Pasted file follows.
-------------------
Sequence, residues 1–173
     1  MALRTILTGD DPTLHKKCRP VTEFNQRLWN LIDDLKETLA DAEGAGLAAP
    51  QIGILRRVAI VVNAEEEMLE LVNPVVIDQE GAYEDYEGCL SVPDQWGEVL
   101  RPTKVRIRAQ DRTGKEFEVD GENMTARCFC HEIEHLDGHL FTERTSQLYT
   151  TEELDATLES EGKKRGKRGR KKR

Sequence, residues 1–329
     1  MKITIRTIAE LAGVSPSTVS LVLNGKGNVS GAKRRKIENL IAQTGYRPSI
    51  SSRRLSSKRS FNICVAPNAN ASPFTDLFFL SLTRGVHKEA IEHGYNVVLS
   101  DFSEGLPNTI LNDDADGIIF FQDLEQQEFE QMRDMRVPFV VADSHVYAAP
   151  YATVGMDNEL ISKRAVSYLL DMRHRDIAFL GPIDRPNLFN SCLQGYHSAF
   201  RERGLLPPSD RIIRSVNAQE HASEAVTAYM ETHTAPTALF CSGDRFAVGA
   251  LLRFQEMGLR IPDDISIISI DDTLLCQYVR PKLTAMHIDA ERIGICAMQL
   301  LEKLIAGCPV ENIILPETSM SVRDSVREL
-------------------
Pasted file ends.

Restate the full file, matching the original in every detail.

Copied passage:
Sequence, residues 1–173
     1  MALRTILTGD DPTLHKKCRP VTEFNQRLWN LIDDLKETLA DAEGAGLAAP
    51  QIGILRRVAI VVNAEEEMLE LVNPVVIDQE GAYEDYEGCL SVPDQWGEVL
   101  RPTKVRIRAQ DRTGKEFEVD GENMTARCFC HEIEHLDGHL FTERTSQLYT
   151  TEELDATLES EGKKRGKRGR KKR

Sequence, residues 1–329
     1  MKITIRTIAE LAGVSPSTVS LVLNGKGNVS GAKRRKIENL IAQTGYRPSI
    51  SSRRLSSKRS FNICVAPNAN ASPFTDLFFL SLTRGVHKEA IEHGYNVVLS
   101  DFSEGLPNTI LNDDADGIIF FQDLEQQEFE QMRDMRVPFV VADSHVYAAP
   151  YATVGMDNEL ISKRAVSYLL DMRHRDIAFL GPIDRPNLFN SCLQGYHSAF
   201  RERGLLPPSD RIIRSVNAQE HASEAVTAYM ETHTAPTALF CSGDRFAVGA
   251  LLRFQEMGLR IPDDISIISI DDTLLCQYVR PKLTAMHIDA ERIGICAMQL
   301  LEKLIAGCPV ENIILPETSM SVRDSVREL